Show Your Cards, Not Your Trophies – by Ed Dunn

One of my close friends, Steve, is a successful business owner in the world of hospitality, event planning and catering. I was listening to a podcast recently in which Steve was interviewed on the topic of Winning in Business. During the interview, I was struck by something Steve said: In all areas of life, and not just in business, he said, I believe it’s better to show your cards, not your trophies. His phrase, show your cards, not your trophies, caught me by surprise and has been ringing in my ears since the podcast interview ended. The simple-yet-catchy wisdom within his words has offered me some real food for thought.

So much of life around us seems to be all about winning. Whether it’s following a favorite sports team, a hotly-contested electoral race, a global trade imbalance, or even in the way we can celebrate our national independence,winning seems to be everything. This perception can be true of how we see ourselves, as well. The bigger the successes, the victories, or the trophies we win in life, the better off we are, or so many voices would have us believe. But, is that the truth? Is winning, either in life around us or in how we see ourselves, the most important thing?

One of my favorite authors and speakers is a research professor named Brené Brown. Brené Brown has spent decades looking at human behavior, listening to the stories we tell ourselves and others, and trying to identify what makes us feel whole and connected to others. To the surprise of many of her readers and listeners, Brené Brown’s findings show that it’s not our successes – our wins and trophies, if you will, or our great achievements that truly matter most. Rather, her research points to our vulnerability, and our willingness to be open with who we are. I call that vulnerability and openness showing your cards, not your trophies.   

Show Your Cards, Not Your Trophies

What does this phrase mean to you? To me, this phrase means not being afraid to show our humanity – our flaws, our imperfections and our limitations. It means not being afraid to share the truth of ourselves with others. I’m not talking about sin here, as Christ Jesus has dealt with that fully, and is working continually to transform all darkness into light. Thankfully, he is doing so in all of us one day at a time. What I am talking about here is being open, humble, and transparent. In Brené Brown’s words, we need to allow ourselves to be seen, deeply seen, vulnerably seen. We need to show our cards, not our trophies.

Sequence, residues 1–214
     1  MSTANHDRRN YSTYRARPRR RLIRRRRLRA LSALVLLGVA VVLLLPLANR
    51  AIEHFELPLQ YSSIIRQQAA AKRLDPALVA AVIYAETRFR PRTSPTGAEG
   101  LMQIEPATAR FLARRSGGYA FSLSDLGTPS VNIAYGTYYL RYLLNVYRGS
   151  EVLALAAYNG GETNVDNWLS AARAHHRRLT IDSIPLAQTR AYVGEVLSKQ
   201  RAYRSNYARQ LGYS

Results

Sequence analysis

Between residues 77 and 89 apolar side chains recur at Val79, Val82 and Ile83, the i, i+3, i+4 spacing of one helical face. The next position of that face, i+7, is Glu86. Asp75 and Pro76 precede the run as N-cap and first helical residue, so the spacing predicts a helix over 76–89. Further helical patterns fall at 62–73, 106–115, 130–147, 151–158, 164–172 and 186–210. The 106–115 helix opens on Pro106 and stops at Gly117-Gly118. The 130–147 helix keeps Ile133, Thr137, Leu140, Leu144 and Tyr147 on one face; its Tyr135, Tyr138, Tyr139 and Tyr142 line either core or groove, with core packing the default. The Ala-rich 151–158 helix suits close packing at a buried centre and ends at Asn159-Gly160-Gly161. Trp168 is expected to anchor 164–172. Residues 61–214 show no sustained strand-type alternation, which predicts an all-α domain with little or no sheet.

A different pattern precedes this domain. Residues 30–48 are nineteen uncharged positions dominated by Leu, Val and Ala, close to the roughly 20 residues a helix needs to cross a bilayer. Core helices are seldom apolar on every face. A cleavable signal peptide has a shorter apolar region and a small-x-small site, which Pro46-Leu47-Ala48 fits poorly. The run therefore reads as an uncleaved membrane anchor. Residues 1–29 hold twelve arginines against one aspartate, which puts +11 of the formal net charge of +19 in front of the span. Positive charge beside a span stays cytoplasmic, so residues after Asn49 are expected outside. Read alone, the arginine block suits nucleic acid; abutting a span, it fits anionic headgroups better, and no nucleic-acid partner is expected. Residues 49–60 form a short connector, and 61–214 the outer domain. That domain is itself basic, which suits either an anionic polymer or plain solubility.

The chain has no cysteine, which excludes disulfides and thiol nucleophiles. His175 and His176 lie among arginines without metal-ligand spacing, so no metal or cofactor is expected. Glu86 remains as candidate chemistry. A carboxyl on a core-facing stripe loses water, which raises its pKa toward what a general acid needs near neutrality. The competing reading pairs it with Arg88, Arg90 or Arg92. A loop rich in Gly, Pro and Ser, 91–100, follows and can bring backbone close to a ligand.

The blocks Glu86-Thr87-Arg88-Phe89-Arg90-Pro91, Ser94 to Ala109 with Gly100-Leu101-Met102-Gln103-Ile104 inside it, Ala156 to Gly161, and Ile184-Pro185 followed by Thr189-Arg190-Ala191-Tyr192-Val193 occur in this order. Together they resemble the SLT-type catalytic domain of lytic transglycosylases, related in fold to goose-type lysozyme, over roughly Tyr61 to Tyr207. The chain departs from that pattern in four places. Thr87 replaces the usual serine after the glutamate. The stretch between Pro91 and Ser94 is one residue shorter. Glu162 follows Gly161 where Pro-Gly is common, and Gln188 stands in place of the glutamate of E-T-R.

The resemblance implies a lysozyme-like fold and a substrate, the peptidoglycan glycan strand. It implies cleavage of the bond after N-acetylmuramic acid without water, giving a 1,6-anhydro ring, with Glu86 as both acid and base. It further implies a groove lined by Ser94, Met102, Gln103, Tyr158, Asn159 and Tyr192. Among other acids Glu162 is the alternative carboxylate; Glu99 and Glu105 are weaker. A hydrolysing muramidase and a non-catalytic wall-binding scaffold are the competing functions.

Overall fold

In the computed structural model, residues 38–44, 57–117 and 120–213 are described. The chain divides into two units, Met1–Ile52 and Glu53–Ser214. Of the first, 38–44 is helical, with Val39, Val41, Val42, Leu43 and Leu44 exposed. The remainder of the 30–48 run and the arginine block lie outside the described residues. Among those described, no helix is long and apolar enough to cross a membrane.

The Meek Will Inherit the Earth

I’ve wondered about this statement as found in the Beatitudes (Matthew 5:5, NIV). I’ve struggled somewhat to understand what Jesus may’ve meant when he used the word, meek. At face value, there seems to be a paradox at work here. In general, most commentaries agree that the Greek word for meek conveys a sense of strength; strength while being humble, gentle, patient, and open or vulnerable in suffering. But, rarely does it seem that these characteristics are of value in the world around us. Strength could certainly lead to an inheritance of the earth, but how could being humble, gentle, patient and vulnerable in suffering help to that end? Clearly, Jesus saw things differently.

Strength in Vulnerability

There is something so beautiful about the internal intersection of Jesus’ indwelling divinity with our own inherent humanity. Jesus has dealt with our sin, of that we can be sure. What’s left is to let his light shine on us, in us, and through us to others. That light can show our successes and achievements, our wins and trophies, if you will. That light can also show our flaws, our imperfections and our limitations. We can use the light of his divinity and the honest reality of our humanity to connect with others. His strength can cause our vulnerability to be a light for others, to be impactful in our community. We let others see us as we are and thereby know they are not alone.

As Christ-followers, there is nothing wrong with success and achievement. To win a few trophies every now and again is a wonderful part of life. But, it’s our cards – our humanity, vulnerability and that which connects us with others – that truly matters. Our flaws, our imperfections and our limitations are made perfect in him. And, he will use all that we are to help unite, strengthen and connect the parts of his spiritual body. Thanks be to our Lord and Savior for that!

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